Venture Capital plays a vital role in the development and growth of innovative entrepreneurship in India. In the past, Venture Capital Funding was provided by financial institutions. These financial institutions supported private sector companies using debt as a funding mechanism. The call for venture capital was recognized in the 7th Five-Year Plan and the long-term fiscal policy of the Government of India. Venture capital finance originated in India in 1988 with the establishment of the Technology Development and Information Company of India Ltd. (TDICI), which was funded by ICICI and UTI. The first private venture capital fund was sponsored by Credit Capital Finance Corporation (CFC) and promoted by Bank of India, Asian Development Bank and Commonwealth Development Corporation, namely the Credit Capital Venture Fund.
Regulatory framework of Venture Capital in India
Venture Capital in India is governed by the SEBI Act of 1992 and the SEBI (Venture Capital Fund) Regulations of 1996. Under this regulation, any company or trust that offers to operate a fund Venture capital must obtain a license for a certificate from SEBI However, registration of Foreign Venture Capital Investors (FVCI) is not required under FVCI regulations. Venture Capital Funds and Foreign Venture Capital Investors are also covered by the Securities Contracts (Regulation) Act, 1956, SEBI (Substantial Acquisition of Shares & Takeover) Regulations, 1997, SEBI (Disclosure of Investor Protection) Guidelines, 2000.
The current scenario
Under various laws, the Securities and Exchange Board of India (SEBI) regulates domestic as well as offshore funds. Domestic venture capital funds are subject to the SEBI (Alternative Investment Funds) Regulations, while offshore venture capital funds are subject to the SEBI (FVCI) Regulations of 2000.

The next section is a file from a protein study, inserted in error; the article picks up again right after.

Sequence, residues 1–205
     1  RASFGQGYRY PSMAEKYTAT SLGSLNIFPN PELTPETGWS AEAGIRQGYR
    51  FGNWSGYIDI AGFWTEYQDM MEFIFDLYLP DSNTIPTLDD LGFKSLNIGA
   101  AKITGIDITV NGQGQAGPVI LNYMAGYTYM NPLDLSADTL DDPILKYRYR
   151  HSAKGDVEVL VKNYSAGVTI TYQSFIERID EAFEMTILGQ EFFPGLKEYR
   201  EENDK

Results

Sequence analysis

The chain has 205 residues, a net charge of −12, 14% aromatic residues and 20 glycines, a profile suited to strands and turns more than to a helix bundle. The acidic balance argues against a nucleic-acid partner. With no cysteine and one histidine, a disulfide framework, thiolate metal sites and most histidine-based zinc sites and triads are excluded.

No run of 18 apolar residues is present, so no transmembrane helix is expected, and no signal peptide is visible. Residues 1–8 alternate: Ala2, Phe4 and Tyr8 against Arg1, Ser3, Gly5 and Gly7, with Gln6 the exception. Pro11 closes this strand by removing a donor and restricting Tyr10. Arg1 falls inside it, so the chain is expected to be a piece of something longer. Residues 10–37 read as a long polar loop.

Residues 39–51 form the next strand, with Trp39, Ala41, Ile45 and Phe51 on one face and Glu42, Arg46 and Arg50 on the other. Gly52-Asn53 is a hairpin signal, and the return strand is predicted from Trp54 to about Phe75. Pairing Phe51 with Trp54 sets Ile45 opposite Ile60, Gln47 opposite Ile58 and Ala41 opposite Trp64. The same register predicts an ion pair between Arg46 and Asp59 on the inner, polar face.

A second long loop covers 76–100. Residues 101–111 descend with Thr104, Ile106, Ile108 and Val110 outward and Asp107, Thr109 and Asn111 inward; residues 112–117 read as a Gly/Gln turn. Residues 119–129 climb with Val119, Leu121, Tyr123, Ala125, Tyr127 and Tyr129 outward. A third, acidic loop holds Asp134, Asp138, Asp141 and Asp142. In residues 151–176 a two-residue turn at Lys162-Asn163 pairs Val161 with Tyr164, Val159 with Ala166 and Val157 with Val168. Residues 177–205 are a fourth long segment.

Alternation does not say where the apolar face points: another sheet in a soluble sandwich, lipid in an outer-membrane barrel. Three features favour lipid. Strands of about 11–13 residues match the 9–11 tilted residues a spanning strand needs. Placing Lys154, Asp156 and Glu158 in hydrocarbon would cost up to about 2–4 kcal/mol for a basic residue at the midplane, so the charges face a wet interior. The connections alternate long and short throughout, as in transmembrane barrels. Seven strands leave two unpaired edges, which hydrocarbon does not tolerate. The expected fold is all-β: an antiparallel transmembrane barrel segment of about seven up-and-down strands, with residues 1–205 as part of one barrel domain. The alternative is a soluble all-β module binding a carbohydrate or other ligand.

Venture capital fund eligibility and investment criteria
The main objective of the memorandum of association or trust deed for venture capital funds must be to carry on the business of the venture capital fund, which includes prohibiting the memorandum of association and articles of association from making an invitation to the public to subscribe to its securities.
Furthermore, a Director, Principal Officer, Employee, or Trustee must not be involved in any securities-related litigation and must not have been convicted of any crime involving moral turpitude or economic crime at any time. Also, in the event of a body corporate, it must have been formed under federal or state laws, and the applicant must not have been denied a certificate by SEBI (Rule-4, SEBI (Venture Capital Funds) Regulations 1996)
By issuing units, a venture capital fund can attract investment from any investor (Indian, foreign, or non-resident Indian), and no venture capital fund will accept an investment of less than five lakhs. Only the VCF’s staff, principal officers, directors, and trustees, as well as the fund manager and asset management company (AMC) personnel, are exempt. VCF must also have a clear commitment of at least five crores from investors before it can begin performing its functions. Before registering a fund, it must disclose its investment plan to SEBI, make no investments in connected companies, and keep track of the fund’s life cycle. It will not invest more than 25% of its capital in a single venture capital undertaking. A minimum of 66.67 percent of the investible funds must be used in venture capital undertaking unlisted equity shares or equity linked securities.
Tax Matters related to Venture Capital Funds
Indian Venture Capital Funds are eligible to collect capital reclaim tax under Section 10 (23FB) of the Income Tax Act 1961. Funds for investing in venture capital are exempt from tax. It will also be extended to domestic VCFs and VCCs that attract foreign venture capital investment as long as these VCFs / VCCs comply with the relevant guidelines for domestic VCFs / VCCs. If the Venture Capital Fund were willing to waive the tax exemptions under Section 10 (23F) of the Income Tax Act, it would be eligible to invest in any sector.
The Indian legal system and industrial jurisprudence have evolved venture capital finance as a “sanjivni” for business ideas. The positioning of the legal framework is to facilitate more and more calls for new and dynamic ideas. In addition, tax burdens have also been reduced to invite the participation of young people in national progress. In the near future, venture capital would be the main funding opportunity for the next entrepreneurial fraternity.